Creative Calm Down Strategies for Young Children

Years ago, I found myself full of anxiety from the demands teaching in a public school kindergarten class brought.  I often thought if I come to school with such stress and anxiety, what must my young students be feeling?  That is when I was introduced to yoga for kids. It was a life-changing practice that I am so happy to have discovered.  My students really responded to the different calming exercises and activities.  Anyone who has attended a yoga class knows how relaxed and healthy you feel afterward!  This is the same for young children.  Yoga and mindfulness support young children in developing gratitude, kindness to self/others, self-awareness, and self-regulation. Below are a few favorite calming strategies you can introduce to your child.

Namaste Song Sit criss-cross applesauce and sing Namaste to the tune of “Wheels on the Bus.”

My little light bows to your little light, your little light, your little light.

Your little light bows to my little light.

NA-MA-STE

Breathing Buddies-Play soothing music and have your child lie on their back.  Place a small stuffed animal on their belly. Have your child slowly inhale through their nose and exhale with their breathing buddy on their belly.  Encourage your child to focus on their breath and look at their buddy while it bobs (moves) up and down on their belly. They can repeat this process as many times as they like.  They will feel excited while relaxing and lowering their stress.

Bubbles-Children are able to enjoy just being.  Walk around and blow bubbles and direct your child to observe the bubbles. Encourage your child to think about what they look like (are they big or small), and what they feel like.  Your child will relax and wonder about the bubbles as they float and gently fall. Encourage your child to wonder how long it will take before the bubble will pop. With this practice, we learn that like our thoughts, bubbles come and go.

The Breathing Ball (Hoberman Sphere) is an excellent tool to support children in regulating their angry or anxious emotions. Start out by having your child put one hand on their belly and the other on their heart while breathing in and out. Adding the ball to this skill, your child will have a visual while practicing their breathing. Have your child inhale while slowly expanding the ba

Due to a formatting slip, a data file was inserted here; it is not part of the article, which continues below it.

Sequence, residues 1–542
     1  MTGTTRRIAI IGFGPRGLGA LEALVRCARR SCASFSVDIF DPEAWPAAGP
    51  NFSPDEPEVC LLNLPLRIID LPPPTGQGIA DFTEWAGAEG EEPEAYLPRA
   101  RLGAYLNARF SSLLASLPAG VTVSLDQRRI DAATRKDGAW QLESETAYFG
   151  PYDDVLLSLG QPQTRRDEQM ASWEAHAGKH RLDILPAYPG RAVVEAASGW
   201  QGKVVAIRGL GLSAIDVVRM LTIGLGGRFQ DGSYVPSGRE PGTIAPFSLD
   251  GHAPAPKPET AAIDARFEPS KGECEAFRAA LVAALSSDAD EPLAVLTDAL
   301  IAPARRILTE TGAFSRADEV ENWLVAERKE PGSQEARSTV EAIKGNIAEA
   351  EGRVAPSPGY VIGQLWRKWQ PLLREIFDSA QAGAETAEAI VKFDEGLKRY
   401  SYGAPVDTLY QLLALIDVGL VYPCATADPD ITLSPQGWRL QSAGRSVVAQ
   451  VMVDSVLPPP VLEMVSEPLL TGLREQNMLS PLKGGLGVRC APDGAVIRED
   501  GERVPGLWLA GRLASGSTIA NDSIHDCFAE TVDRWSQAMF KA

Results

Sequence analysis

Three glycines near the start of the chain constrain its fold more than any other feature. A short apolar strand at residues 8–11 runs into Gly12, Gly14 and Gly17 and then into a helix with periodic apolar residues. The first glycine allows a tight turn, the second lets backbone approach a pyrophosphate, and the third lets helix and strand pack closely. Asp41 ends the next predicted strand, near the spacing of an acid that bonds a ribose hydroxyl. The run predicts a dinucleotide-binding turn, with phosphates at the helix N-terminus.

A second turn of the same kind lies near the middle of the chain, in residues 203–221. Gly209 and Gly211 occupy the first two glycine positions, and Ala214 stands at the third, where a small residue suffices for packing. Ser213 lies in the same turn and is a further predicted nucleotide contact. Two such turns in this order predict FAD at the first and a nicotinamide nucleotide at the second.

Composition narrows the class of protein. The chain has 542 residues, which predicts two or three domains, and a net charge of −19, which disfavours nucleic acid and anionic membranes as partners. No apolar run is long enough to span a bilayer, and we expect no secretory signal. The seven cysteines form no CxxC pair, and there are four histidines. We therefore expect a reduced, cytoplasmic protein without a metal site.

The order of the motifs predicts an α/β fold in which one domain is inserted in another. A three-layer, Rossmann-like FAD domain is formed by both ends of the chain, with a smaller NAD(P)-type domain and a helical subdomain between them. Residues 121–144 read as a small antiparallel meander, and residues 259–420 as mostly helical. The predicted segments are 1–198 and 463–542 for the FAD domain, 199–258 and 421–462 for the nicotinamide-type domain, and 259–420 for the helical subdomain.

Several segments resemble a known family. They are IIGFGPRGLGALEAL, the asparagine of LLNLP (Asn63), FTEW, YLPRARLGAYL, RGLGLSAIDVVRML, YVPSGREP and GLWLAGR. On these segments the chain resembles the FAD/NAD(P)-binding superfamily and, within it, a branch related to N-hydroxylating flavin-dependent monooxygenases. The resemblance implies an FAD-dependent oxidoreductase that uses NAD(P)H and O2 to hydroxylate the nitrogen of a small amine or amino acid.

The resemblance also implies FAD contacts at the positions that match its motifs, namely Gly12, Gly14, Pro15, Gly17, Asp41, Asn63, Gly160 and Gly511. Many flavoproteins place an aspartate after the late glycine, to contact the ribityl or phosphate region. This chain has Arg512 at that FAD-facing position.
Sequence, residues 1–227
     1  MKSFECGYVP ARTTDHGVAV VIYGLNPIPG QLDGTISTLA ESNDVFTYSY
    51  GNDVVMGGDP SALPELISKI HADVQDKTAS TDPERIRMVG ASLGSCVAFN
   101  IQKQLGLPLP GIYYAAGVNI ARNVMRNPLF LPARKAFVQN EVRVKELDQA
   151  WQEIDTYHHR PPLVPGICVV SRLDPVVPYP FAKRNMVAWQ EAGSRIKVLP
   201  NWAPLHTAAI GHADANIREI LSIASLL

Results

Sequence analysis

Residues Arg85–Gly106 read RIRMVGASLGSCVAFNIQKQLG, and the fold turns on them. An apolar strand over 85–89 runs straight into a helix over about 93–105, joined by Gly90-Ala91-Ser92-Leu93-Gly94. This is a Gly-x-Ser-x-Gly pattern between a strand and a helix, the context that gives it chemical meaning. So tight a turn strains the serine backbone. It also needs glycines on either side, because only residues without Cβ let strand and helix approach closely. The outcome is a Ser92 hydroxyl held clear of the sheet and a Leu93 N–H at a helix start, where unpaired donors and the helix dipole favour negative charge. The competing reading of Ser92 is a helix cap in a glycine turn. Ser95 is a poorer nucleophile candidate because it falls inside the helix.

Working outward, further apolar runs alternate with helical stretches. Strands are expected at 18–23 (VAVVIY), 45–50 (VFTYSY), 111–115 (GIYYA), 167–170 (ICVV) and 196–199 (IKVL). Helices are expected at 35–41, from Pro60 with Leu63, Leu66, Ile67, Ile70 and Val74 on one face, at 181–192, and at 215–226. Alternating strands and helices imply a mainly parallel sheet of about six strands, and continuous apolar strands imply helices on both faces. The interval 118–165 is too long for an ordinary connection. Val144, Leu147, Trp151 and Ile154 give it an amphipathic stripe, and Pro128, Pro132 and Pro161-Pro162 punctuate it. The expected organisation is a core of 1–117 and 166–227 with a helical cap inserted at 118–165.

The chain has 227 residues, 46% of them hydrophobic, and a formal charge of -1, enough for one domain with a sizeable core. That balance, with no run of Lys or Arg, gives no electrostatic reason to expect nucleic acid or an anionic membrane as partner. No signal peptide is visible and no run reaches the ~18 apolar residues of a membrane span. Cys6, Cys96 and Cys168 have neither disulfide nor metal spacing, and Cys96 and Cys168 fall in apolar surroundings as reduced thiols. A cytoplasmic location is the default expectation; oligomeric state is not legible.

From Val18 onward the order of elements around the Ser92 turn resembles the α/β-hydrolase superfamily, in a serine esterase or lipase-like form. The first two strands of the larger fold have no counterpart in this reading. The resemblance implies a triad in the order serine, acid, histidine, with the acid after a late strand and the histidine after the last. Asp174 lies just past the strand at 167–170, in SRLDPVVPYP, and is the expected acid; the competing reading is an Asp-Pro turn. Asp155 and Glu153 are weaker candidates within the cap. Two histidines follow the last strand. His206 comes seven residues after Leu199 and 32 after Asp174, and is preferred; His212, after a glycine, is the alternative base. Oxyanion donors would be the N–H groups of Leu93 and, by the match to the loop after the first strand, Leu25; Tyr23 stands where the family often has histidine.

ll and exhale while bringing the ball back in. Teaching young children to connect to their breath is teaching them to be mindful of what they are feeling in the moment. This is a wonderful way for your child to relax and practice their calming skills. They will love it!

Some other benefits of yoga and mindfulness for children include…

Physical

  • Increases strength and flexibility
  • Builds coordination and balance
  • Fortifies all bodily systems: nervous, circulatory, digestive, endocrine, respiratory, skeletal, and muscular

Cognitive/Mental

  • Helps build focus and attention
  • Encourages creativity
  • Teaches relaxation techniques

Social

  • Builds an awareness of nature and the environment
  • Encourages unity and a sense of value
  • Teaches respect, compassion, and sharing

Emotional

  • Instills confidence with new experiences and challenges
  • Teaches how to find a sense of calmness and self-control
  • Promotes self-discipline

Resources/References-

~Health and Happiness

Guest Blogger: Christina Benedict, Early Childhood Consultant at Wayne RESA GSRP

 

Wayne RESA - GSRP

Great Start Readiness Program is a Michigan state-funded preschool program for four-year-old children with factors which may place them at risk of educational failure. The program is administered by the Michigan Department of Education, Office of Great Start. Funding is allocated to Wayne RESA to administer the program locally. These blogs were developed and funded under a grant awarded by the Michigan Department of Education. Research on preschool programs and specific research on GSRP indicates that children provided with a high-quality preschool experience show significant positive developmental differences when compared to children from the same backgrounds who did not attend a high-quality preschool program.

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